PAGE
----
International fraud awareness week is observed 11-17 November 2018. Only the week prior I saw first hand a person who has fallen victim to an elaborate international scheme set up by dishonest individuals. An elderly man popped into our office asking for advice on investing a large inheritance he was going to receive.
The AML/CFT rules now apply to accountants. So I asked him for some further details regarding the inheritance as well as some personal identification. Apparently, the inheritance was coming from somebody the victim has never known but “shared the same last name.” The inheritance (which was in the millions) was brought to his attention by a letter received unexpectedly in the post from overseas. On top of that, the funds were frozen and required a court order to unfreeze them to make them available for distribution to him as the beneficiary of the estate. In order to do this he was required to pay money by wire transfer to the lawyer who had contacted him to cover the legal costs to do this. Unfortunately, the man happily obliged and parted with a significant sum of money. This was done without seeking any advice from any professional in New Zealand such as a lawyer, accountant or financial planner.
I advised him that he had probably been a victim of a inheritance scam. Unfortunately, I am under the impression he didn’t believe me. He didn’t come back with the details I needed so that I could act for him. When he left the office he said was going to contact the “lawyers” to see if he could provide that information. I did, however, offer some parting advice. This was to not pay any further money if requested unless he consulted a professional.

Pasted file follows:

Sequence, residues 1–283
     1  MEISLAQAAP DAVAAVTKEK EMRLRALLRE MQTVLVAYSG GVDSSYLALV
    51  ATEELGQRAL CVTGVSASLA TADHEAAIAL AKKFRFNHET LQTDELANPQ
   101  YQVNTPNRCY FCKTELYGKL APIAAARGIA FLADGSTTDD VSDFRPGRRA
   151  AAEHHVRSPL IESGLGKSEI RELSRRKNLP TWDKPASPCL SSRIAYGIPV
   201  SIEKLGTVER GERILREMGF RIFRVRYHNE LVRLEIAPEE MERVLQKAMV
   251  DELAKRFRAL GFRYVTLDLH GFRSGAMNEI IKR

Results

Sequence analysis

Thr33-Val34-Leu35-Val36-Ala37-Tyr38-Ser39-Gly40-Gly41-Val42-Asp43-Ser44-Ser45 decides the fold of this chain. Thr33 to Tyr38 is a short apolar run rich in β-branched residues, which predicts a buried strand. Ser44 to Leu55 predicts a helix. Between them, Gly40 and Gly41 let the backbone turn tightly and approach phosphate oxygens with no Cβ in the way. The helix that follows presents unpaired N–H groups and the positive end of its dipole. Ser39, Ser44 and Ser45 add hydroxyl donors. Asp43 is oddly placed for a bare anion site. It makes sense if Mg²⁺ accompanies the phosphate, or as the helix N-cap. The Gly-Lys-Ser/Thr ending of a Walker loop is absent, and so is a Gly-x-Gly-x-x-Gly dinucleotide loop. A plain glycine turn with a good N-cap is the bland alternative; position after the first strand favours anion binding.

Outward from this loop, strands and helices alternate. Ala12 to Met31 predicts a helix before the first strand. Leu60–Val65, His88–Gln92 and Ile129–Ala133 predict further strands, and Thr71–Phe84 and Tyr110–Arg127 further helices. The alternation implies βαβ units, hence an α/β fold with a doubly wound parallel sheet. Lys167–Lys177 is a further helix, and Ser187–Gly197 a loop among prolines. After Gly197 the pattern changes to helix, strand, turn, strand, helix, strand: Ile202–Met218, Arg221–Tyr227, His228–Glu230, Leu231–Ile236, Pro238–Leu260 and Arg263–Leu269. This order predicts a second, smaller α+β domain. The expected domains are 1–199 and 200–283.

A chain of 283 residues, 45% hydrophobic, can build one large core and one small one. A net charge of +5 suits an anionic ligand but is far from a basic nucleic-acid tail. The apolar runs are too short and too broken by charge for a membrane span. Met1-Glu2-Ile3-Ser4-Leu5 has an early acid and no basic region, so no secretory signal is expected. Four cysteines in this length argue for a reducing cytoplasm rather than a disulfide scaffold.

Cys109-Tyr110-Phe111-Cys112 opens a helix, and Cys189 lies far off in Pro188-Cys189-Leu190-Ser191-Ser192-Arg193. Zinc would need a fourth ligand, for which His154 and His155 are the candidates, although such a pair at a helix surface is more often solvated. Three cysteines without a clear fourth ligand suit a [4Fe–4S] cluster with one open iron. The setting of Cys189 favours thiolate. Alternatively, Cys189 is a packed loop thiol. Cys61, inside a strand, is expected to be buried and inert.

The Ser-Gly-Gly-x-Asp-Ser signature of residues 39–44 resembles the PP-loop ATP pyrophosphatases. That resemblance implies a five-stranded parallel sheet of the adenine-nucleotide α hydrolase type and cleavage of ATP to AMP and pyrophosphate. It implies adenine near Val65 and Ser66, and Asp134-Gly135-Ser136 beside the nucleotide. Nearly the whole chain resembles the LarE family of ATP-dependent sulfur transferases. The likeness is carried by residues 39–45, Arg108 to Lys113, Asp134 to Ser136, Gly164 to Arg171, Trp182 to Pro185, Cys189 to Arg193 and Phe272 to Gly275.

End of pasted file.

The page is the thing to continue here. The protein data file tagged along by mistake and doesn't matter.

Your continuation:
So after seeing this first hand I thought I would point out some warning signs of an inheritance scam. Remember to stay safe out there!
- You are contacted out of the blue by a scammer posing as a lawyer or banker and offering you a large inheritance from a distant relative or wealthy individual.
- There may be requests to pose as next of kin to an unclaimed inheritance.
- The offer comes on official looking letterhead, however, contains spelling and grammatical mistakes.
- The size of the inheritance is large.
- You are provided with fake bank statements, birth certificates and other documents if you question the legitimacy.
- You are asked to provide your bank account details, copies of identity documents as verification.
- You are asked to pay a series of fees, charges or taxes to help release or transfer the money.
- The fees may initially be for small amounts, however, you are then asked for further larger payments.
- The scammer offers to meet you in person to verify the proposal, but this rarely eventuates.
How to protect yourself:
- Never send money or give credit card, account details, copies of personal documents to anyone you don’t know or trust.
- Avoid any arrangement with a stranger that asks for up front payment by money order, wire transfer, pre-loaded card or bitcoin. It is very difficult to recover money this way.
- Seek advise immediately from an independent professional such as a lawyer, accountant or financial planner if in doubt.
- Do an internet search using the names, contact details or exact wording of the letter/email to check for any references to a scam.
- If you think it’s a scam, don’t respond.
- Remember if it sounds too good to be true it probably is.
What to do if you have been scammed:
- Contact your bank immediately and see whether they can cancel or reverse the transaction.
- Report it to the police.